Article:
Nero the Beast?
I was recently thumbing my way through a very popular lay Bible commentary–one that finds itself in millions of homes–when I arrived at the section dealing with Revelation 13. The beast that crawls up out of the sea, the author insisted, represents the atrocities perpetrated on the Christian community by the first-century Roman Empire. The antichrist is Nero, he said, or perhaps some other persecuting Roman Emperor.
While not as popular as it used to be, the idea that the beast power points to pagan Roman Emperors is still somewhat common, and has actually seen a recent resurgence in some corners of Christianity. The book of Revelation’s twin assertions that it describes “things which must shortly take place,” and “the time is near” (Rev. 1:1,3) appear to support the idea; it is evident that whatever Revelation is describing was to begin fulfillment in John’s day. (They also flies in the face of the idea that the prophecies of Revelation deal primarily with the last seven years of earth’s history.)
There is a decided problem with this interpretation, commonly known as preterism, however. You can’t hope to understand Revelation 13 if you rip it away from the context of (a) the rest of the book, (b) the context provided by Daniel and other Old Testament sources for Revelation, and (c) the context of chapters 12 and 14 in particular.
It’s important to remember that the original document didn’t include chapter and verse divisions; those were added centuries later by good Christians who wanted to simplify the study of scripture. It’s a development I’m thankful for (imagine trying to run a Bible school with no chapters and verses!!!), but it sometimes discourages reading in context.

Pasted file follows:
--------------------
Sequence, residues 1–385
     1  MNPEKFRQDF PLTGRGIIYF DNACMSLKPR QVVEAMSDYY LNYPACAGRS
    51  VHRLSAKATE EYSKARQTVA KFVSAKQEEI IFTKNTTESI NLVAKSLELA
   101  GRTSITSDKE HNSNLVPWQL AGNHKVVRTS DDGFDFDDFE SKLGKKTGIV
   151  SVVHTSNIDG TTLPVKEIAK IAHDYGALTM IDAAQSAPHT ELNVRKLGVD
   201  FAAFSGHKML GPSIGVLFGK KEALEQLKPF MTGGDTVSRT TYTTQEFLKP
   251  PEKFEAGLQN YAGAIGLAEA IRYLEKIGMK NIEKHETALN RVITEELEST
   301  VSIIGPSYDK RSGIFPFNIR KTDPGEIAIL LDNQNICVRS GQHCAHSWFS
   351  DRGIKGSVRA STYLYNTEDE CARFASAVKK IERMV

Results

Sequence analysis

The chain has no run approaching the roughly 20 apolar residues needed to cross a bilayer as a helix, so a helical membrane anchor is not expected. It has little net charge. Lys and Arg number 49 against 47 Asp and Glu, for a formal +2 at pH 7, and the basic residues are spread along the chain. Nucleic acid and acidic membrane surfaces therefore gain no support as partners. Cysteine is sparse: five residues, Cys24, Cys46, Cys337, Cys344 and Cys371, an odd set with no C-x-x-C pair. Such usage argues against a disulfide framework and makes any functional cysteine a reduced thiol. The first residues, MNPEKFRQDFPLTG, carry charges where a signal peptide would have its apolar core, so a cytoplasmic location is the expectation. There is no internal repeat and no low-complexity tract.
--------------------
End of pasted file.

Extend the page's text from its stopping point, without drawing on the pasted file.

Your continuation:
Revelation 13, which describes the dragon’s attempt to assert his authority over the earth, is immediately followed by Revelation 14, which shows God’s side of the same struggle. The warning of the third angel relates directly to the activities of the beast described in the previous chapter: “If anyone worships the beast and his image, and receives his mark on his forehead or on his hand, he himself shall also drink of the wine of the wrath of God. . . .” (Revelation 14:9,10) In other words, Revelation 14 unfolds concurrently with the schemes of the beast described towards the end of chapter 13.
So how is that a problem for those who see Nero in Revelation 13? Read the whole thing and you’ll notice: the message of the three angels leads immediately into the second coming of Christ. (See Revelation 14:14-16) If the beast power of Revelation 13 is Nero, then the prophecy failed. It would mean a nearly 2000-year gap between the proclamation of the three angels’ messages and the return of Christ.
In other words, the chapters that most clearly define the issues in Revelation have nothing to say to believers who live after Nero died. If Revelation is only dealing with the pagan Roman Empire, then it becomes a work of Christian propaganda designed to bolster the courage of first-century believers, holding out the hope of Christ’s return as the solution for persecution by the Roman Empire. In other words, it held out false hope. The western Empire crumbled more than 1500 years ago, quite apart from the return of Christ.
On the other hand, if you read the book of Revelation historically, the way most Christians have for the first 1800 years (or so) of the church’s existence, it makes much more sense. The fulfillment begins “shortly,” back in John’s day, and continues on through an unbroken chain of historical events until the return of Christ.